Wolves and Men in America
Imprint: Yale University Press
A provocative history of wolves in America and of the humans who first destroyed them and now offer them protection
“A shocking cultural study of our long, sadistic crusade against wolves. Moving brilliantly through history, economics, and biology, Coleman...explains America’s fevered obsession with these animals."—Ron Charles, Washington Post Book Club
Over a continent and three centuries, American livestock owners destroyed wolves to protect the beasts that supplied them with food, clothing, mobility, and wealth. The brutality of the campaign soon exceeded wolves’ misdeeds. Wolves menaced property, not people, but storytellers often depicted the animals as ravenous threats to human safety. Subjects of nightmares and legends, wolves fell prey not only to Americans’ thirst for land and resources but also to their deeper anxieties about the untamed frontier.
Now Americans study and protect wolves and jail hunters who shoot them without authorization. Wolves have become the poster beasts of the great American wilderness, and the federal government has paid millions of dollars to reintroduce them to scenic habitats like Yellowstone National Park.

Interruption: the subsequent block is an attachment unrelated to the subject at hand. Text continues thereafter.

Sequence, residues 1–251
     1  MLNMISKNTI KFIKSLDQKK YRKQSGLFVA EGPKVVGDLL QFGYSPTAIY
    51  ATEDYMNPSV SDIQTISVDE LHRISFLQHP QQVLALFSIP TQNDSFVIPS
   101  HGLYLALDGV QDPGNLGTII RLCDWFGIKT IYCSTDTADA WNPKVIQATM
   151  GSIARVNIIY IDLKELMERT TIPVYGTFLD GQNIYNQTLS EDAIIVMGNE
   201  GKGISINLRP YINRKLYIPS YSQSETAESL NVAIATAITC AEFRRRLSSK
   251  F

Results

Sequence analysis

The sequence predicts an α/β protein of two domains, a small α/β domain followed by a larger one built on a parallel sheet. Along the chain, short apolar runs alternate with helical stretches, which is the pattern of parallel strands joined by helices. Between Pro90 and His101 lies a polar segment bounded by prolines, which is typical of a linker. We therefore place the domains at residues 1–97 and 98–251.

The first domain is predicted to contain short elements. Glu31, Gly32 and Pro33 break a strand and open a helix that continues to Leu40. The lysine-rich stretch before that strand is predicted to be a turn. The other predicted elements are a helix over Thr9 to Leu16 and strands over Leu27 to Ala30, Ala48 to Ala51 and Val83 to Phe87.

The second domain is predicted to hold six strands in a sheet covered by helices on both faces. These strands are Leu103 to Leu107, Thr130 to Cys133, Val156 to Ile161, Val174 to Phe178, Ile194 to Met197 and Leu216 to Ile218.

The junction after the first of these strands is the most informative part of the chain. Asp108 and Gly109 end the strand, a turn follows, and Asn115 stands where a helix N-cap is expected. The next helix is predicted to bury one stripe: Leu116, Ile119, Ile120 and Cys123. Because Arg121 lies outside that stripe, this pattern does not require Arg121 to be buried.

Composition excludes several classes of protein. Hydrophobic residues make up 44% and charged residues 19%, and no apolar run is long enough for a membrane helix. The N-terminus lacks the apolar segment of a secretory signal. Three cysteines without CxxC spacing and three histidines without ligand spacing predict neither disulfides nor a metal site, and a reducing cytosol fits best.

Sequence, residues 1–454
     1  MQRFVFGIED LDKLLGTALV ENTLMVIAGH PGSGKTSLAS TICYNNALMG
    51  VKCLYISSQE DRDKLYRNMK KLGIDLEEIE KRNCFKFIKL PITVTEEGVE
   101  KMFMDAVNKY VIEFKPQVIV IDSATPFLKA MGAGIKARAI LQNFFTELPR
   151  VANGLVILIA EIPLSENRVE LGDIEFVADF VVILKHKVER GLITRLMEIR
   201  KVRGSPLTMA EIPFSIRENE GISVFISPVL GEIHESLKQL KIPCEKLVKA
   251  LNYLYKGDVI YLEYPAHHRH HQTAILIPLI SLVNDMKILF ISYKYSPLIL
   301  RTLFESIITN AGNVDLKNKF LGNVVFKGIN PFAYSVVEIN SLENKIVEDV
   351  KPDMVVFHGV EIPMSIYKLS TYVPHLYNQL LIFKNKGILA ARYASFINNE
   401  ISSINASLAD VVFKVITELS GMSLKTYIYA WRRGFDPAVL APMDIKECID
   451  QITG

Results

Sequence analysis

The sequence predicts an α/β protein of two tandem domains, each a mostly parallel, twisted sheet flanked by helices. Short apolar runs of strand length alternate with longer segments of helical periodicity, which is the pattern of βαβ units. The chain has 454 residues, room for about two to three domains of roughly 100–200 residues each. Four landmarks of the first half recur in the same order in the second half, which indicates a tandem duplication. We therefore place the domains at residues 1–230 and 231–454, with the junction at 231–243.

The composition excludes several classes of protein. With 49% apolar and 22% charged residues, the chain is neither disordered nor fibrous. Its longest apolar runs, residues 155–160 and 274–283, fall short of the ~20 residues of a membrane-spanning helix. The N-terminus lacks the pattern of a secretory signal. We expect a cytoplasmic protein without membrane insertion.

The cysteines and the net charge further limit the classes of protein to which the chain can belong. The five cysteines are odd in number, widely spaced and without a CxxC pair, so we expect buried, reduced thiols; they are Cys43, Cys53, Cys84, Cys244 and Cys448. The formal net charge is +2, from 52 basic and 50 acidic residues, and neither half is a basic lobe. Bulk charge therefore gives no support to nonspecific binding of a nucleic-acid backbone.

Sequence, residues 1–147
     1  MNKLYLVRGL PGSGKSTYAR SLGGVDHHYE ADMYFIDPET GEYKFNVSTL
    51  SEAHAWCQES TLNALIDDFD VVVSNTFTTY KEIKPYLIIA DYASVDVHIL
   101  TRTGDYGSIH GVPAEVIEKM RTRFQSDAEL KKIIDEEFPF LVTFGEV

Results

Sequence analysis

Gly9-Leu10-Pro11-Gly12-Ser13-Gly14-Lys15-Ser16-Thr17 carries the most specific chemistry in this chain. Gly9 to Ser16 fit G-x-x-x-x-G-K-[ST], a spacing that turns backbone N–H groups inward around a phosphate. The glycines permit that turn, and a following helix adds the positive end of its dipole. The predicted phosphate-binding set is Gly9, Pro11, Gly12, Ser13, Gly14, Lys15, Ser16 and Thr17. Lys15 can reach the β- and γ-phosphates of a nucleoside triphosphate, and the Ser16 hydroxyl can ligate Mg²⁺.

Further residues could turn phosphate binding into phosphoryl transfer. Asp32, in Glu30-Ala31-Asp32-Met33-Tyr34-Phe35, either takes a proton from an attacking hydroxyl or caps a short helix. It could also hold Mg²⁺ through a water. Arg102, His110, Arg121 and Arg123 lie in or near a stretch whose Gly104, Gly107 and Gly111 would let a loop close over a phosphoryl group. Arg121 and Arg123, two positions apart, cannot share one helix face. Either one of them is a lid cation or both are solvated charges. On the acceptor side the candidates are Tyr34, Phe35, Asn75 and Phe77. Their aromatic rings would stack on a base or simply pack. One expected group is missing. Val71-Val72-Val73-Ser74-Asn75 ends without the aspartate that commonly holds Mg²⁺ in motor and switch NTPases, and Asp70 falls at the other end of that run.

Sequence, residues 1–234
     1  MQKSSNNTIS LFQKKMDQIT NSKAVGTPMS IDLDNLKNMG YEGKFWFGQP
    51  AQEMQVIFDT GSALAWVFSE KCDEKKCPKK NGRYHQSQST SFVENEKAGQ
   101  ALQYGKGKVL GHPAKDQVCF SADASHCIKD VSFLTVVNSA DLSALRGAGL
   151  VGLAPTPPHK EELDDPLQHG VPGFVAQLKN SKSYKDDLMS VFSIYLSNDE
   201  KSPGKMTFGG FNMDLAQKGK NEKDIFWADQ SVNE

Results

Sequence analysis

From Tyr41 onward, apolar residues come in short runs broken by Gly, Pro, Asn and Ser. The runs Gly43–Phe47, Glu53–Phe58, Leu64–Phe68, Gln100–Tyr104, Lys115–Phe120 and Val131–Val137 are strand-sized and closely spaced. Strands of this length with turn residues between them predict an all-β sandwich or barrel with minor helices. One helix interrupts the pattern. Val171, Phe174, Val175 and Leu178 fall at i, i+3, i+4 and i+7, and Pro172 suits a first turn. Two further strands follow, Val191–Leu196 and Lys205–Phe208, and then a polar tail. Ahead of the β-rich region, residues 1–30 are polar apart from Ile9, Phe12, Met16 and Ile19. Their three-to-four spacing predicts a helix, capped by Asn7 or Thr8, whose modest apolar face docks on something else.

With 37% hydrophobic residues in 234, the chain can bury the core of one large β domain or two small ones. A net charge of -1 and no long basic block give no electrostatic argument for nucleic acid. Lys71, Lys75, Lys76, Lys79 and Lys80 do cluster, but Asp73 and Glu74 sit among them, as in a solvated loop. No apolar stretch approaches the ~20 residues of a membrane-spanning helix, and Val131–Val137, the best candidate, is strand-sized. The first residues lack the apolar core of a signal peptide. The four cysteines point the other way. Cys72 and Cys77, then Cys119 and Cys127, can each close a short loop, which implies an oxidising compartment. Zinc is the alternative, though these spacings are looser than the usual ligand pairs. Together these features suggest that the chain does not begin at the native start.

Why did Americans hate wolves for centuries? And, given the ferocity of this loathing, why are Americans now so protective of the animals? In this ambitious history of wolves in America—and of the humans who have hated and then loved them—Jon Coleman investigates a fraught relationship between two species and uncovers striking similarities, deadly differences, and, all too frequently, tragic misunderstanding.
- Awarded the 2005 W. Turrentine Jackson Award from the Western History Association.Winner of the 2005 John H. Dunning Prize, sponsored by the American Historical Association.